The landmark 21st Conference of Parties (COP21) Paris Agreement recognized the need for a multi-pronged approach to reach the ambitious development goals set by 195 countries, 34 of which are in Asia. With one-third of the world’s total population, Asia is increasingly vulnerable to climate change due to its low-lying, heavily populated coastlines and dependency on agricultural exports. The global economic loss in the Asian markets attributed to natural disasters is astounding. In 2016, Vietnam’s water source in the Mekong Delta reached a 90-year record low. This historic drought had a ripple effect on Vietnam’s rice, shrimp, and produce markets and led to $670 million in losses. The 2016 drought not only devastated Vietnam, but distorted the entire global market. Given this, there is an increasingly strong business case for the private sector to build resiliency planning into their business and operation models.
Since the COP21 summit, several multinational corporations in the agriculture, forestry, and other land-use sectors, including Hershey, Starbucks, and L’Oréal, have voluntarily pledged to reduce their emissions and have committed to sourcing their supplies without contributing to deforestation. These firms see a convergence between their immediate responsibility to their shareholders to maintain growth and profits with a responsibility to ensure that they’ll continue to grow in the long term.
Although both governments and the private sector are in agreement about creating more sustainable supply chains, there is a vast financial and knowledge gap needed to operationalize these goals. The limited access to investment capital for small and medium enterprises working in land-use commodities is one of the biggest challenges in reaching these objectives. While multinational corporations have the ability to serve as a conduit for lowering greenhouse gas emissions, they largely rely on an aggregate of supplies from local producers and buyers. These local intermediaries seldom have an awareness of their unsustainable practices nor the financial capital to “green” their supply. Development programs can serve as facilitating partners, for example by helping to accelerate progress by matching suppliers and financiers to encourage investment, improving sourcing of supplies by making them bankable, and leveraging the use of technology. While the solution is varied around the world, there are noteworthy projects making strides in the right direction.
Developing and implementing tools that mitigate environmental damage
In the Philippines, Chemonics’ USAID-funded Biodiversity and Watersheds Improved for Stronger Economy and Ecosystems Resilience (B+WISER) program works across sectors to improve the management of protected areas and natural forests. With the Philippines Department of Environment and Natural Resources, Chemonics created the LAWIN app, a tool to help forest managers and community patrollers efficiently collect information on forest conditions, environmental threats, and indicator species of forest health. LAWIN replaces the antiquated manual data recording process with tablets and smart phones, via an app developed through the open-source software, CyberTracker. The open-source software provides real-time updates, and serves as empirical evidence of what it takes to address the current lack of resiliency-focused data. Evidence-driven technology like LAWIN is vital for triggering shifts in unsustainable consumer and supplier behavior and can encourage government support for interventions. With 15 percent of the globe’s carbon dioxide emissions coming from forest deforestation, tools like LAWIN have the power to mitigate greenhouse gases. The project continues to increase its impact, and recently brokered a Global Development Alliance with the largest geothermal energy producer in the world, Energy Development Corporation, to adopt and expand the use of LAWIN.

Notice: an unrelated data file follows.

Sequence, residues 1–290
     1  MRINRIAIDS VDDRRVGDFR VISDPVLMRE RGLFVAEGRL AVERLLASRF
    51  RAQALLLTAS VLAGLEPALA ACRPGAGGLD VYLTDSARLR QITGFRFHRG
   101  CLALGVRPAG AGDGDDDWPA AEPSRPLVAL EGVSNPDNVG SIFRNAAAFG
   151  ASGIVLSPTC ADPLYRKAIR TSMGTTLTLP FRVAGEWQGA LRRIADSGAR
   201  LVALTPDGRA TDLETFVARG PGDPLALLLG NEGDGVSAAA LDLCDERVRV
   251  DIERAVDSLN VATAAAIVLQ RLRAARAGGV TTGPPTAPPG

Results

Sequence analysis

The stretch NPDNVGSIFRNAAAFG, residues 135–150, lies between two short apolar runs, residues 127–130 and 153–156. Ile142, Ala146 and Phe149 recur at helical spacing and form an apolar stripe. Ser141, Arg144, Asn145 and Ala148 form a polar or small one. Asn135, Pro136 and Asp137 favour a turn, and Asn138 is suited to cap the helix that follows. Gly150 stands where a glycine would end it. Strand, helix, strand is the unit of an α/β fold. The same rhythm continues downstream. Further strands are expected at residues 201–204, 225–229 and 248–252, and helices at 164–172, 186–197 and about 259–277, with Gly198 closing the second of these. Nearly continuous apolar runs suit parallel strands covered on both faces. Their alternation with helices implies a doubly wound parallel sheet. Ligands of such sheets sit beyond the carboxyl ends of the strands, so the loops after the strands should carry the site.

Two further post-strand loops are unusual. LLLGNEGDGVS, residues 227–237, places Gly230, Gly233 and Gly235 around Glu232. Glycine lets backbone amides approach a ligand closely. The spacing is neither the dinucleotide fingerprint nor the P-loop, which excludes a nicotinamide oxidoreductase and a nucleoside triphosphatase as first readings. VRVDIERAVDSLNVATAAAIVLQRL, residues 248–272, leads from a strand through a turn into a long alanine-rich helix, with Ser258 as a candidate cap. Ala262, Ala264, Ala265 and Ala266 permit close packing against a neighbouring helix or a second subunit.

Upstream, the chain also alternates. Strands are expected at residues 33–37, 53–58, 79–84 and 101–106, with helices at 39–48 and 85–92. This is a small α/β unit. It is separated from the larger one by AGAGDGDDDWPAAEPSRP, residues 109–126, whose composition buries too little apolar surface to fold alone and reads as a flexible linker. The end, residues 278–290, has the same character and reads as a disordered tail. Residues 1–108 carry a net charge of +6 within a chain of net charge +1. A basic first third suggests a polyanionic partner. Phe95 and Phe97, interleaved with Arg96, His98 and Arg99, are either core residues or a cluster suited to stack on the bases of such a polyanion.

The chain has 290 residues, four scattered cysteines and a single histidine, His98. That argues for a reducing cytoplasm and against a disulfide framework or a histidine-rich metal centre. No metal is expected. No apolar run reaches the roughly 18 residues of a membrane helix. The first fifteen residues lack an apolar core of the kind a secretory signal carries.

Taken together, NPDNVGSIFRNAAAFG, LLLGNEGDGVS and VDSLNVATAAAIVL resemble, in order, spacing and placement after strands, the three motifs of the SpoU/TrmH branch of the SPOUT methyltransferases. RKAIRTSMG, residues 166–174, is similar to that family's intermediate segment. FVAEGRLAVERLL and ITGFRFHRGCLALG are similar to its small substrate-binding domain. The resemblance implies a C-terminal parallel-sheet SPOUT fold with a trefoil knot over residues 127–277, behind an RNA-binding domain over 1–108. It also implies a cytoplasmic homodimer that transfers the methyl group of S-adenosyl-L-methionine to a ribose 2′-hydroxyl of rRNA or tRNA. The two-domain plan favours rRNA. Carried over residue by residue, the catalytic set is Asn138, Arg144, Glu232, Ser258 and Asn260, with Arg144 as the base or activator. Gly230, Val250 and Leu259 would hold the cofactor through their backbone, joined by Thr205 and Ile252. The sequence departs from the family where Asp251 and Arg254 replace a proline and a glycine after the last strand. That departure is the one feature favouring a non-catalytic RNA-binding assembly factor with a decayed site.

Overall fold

Creating an enabling environment for investment
The Nature Conservancy (TNC), a non-governmental group funded by USAID and other donors, is working through their impact investment division, NatureVest, to demystify the narrative that suggests there is a tradeoff between investing in sustainable land-use projects and expecting a high return on investment. In the past three years, TNC has raised $200 million in sustainable landscape investment deals on three continents with more than 100 investors, including J.P. Morgan, The Robertson Foundation, and the Jeremy and Hannelore Grantham Environmental Trust.
With government collaboration, these funds have been used to create and scale up initiatives such as the $20 million Murray-Darling Basin Balanced Water Fund. The basin produces one-third of Australia’s food supply and accounts for over 39 percent of Australia’s gross value in agricultural production. Under this model, the Balanced Water Fund solicits investments in Australia’s water market and then sells and leases allocations to farmers for agricultural production. The fund donates allocations of water rights back to the environment, ensuring critical wetlands receive the water they require to sustain themselves. This technique has been demonstrated to be effective in managing finite water supplies and provides investors an opportunity to align their portfolios with their socially responsible projects.
For decades, conservationists have largely led the discussion around climate change mitigation, deforestation, and greenhouse gas emission reduction. Development programs have helped to create a more inclusive forum for addressing challenges common to all. The previous examples prove that stakeholders who traditionally have not been engaged in the conversation, such as government, private sector, and civil society, have a vital role to play in scaling up successful models and tools to support more sustainable production and a thriving, more resilient global economy.